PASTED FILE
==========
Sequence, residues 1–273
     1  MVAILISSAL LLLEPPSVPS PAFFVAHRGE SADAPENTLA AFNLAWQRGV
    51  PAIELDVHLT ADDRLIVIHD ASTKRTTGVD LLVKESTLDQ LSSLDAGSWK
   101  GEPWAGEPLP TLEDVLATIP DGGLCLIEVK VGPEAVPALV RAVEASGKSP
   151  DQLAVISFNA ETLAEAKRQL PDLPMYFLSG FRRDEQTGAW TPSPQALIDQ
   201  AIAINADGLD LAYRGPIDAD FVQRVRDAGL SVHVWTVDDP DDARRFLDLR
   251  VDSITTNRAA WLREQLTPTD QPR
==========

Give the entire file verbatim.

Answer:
Sequence, residues 1–273
     1  MVAILISSAL LLLEPPSVPS PAFFVAHRGE SADAPENTLA AFNLAWQRGV
    51  PAIELDVHLT ADDRLIVIHD ASTKRTTGVD LLVKESTLDQ LSSLDAGSWK
   101  GEPWAGEPLP TLEDVLATIP DGGLCLIEVK VGPEAVPALV RAVEASGKSP
   151  DQLAVISFNA ETLAEAKRQL PDLPMYFLSG FRRDEQTGAW TPSPQALIDQ
   201  AIAINADGLD LAYRGPIDAD FVQRVRDAGL SVHVWTVDDP DDARRFLDLR
   251  VDSITTNRAA WLREQLTPTD QPR